Who’s Driving Oregon’s Wage Growth?

BY: Damon Runberg, State Economist // State of Oregon

“I don’t know who is making that sort of growth in their wages, but it isn’t me and it is not anyone I know.”

Wages in Oregon have been on the rise over the past three years. From fourth quarter 2014 to fourth quarter 2017, the quarterly average wage (smoothed and adjusted for inflation) rose by around 6.7 percent (+$800 per quarter). This is seemingly good news, right? This means that during that three-year period the average worker had more disposable income when accounting for the increased cost of goods and services.

At a recent presentation where I shared this good news about rising wages I was approached by a member of the audience; let’s call her Sue. Sue said, “I don’t know who is making that sort of growth in their wages, but it isn’t me and it is not anyone I know.” When dealing with millions of workers clearly Sue’s wage growth (or lack thereof) has little effect on the average wage. However, she made an important point. The average wage is not an individual story, but a rough aggregation of all payroll divided by the number of workers. It does not tell us who is seeing higher wages, only that payroll is up relative to the number of workers. This spurred me to ask if we can identify who is driving Oregon’s wage growth.

The Problem with the Average

Sue pointed out an important issue with averages as they can be notoriously misleading. A great example is to look at the Oklahoma City Thunder basketball roster. This past season the average annual wage for the top 15 players on their roster rose by a staggering 48.7 percent; an average gain of around $3 million per year per player. However, this wage growth was not perfectly distributed across the whole roster. There were major outliers who threw off the average wage and “new hires” acquired by the team were much more costly than those players they replaced.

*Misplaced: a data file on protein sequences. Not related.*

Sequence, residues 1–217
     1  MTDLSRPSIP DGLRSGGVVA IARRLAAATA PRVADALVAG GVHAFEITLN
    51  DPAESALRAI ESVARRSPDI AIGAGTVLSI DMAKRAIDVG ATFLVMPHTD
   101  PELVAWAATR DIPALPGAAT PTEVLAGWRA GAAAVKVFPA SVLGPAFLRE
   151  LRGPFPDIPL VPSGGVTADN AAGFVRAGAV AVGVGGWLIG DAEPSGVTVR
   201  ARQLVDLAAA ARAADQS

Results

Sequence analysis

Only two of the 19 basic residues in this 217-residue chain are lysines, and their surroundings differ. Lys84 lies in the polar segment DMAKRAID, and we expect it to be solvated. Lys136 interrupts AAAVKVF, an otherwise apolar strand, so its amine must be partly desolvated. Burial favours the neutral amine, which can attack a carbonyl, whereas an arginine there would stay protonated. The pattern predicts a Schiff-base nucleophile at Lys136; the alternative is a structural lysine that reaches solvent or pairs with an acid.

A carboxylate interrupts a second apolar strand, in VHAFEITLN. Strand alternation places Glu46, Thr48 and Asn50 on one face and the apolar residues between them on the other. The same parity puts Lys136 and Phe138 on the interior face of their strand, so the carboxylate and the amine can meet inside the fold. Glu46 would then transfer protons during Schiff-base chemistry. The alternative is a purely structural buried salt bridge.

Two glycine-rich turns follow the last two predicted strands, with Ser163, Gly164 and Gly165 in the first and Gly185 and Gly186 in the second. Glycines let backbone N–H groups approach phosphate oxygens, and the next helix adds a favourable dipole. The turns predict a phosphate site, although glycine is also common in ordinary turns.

The Thunder had nine players who were on the roster this past season and the season before. These “incumbent players” accounted for a growth in payroll of more than $27 million. However, nearly all of these gains were concentrated in larger contracts for three star players (Steven Adams, Andre Roberson, and Russell Westbrook). The other six incumbent players collectively saw their payroll decline by around $1.2 million. A handful of outliers drove up the average wage for incumbent players on the Thunder roster, while the remaining players saw their pay remain unchanged or decline.

There were also some “new hires” on the Thunder roster. A combination of free agents and trades brought in six players who were on the roster this season, but not the previous season. These “new hires” accounted for nearly $17 million more in payroll than the six players who were let go or traded away. However, not all of these “new hires” contributed to growth in Thunder payroll. In fact, we have another example of outliers where just two of these new acquisitions (Paul George and Carmelo Anthony) accounted for an increase in payroll over the players they replaced, while the other four players made less in payroll than those they replaced.


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